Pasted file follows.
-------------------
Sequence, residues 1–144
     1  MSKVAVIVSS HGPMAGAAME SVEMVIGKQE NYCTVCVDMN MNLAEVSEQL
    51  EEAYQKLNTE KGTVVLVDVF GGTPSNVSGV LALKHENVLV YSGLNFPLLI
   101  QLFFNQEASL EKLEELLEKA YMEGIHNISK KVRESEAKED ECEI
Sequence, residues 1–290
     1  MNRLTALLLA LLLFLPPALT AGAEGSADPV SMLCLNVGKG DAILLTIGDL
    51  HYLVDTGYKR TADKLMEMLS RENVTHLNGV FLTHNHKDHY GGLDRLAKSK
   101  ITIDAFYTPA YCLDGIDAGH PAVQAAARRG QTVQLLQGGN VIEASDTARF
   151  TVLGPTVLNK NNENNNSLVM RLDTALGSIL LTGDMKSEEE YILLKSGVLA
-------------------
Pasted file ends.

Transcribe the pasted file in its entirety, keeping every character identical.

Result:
Sequence, residues 1–144
     1  MSKVAVIVSS HGPMAGAAME SVEMVIGKQE NYCTVCVDMN MNLAEVSEQL
    51  EEAYQKLNTE KGTVVLVDVF GGTPSNVSGV LALKHENVLV YSGLNFPLLI
   101  QLFFNQEASL EKLEELLEKA YMEGIHNISK KVRESEAKED ECEI
Sequence, residues 1–290
     1  MNRLTALLLA LLLFLPPALT AGAEGSADPV SMLCLNVGKG DAILLTIGDL
    51  HYLVDTGYKR TADKLMEMLS RENVTHLNGV FLTHNHKDHY GGLDRLAKSK
   101  ITIDAFYTPA YCLDGIDAGH PAVQAAARRG QTVQLLQGGN VIEASDTARF
   151  TVLGPTVLNK NNENNNSLVM RLDTALGSIL LTGDMKSEEE YILLKSGVLA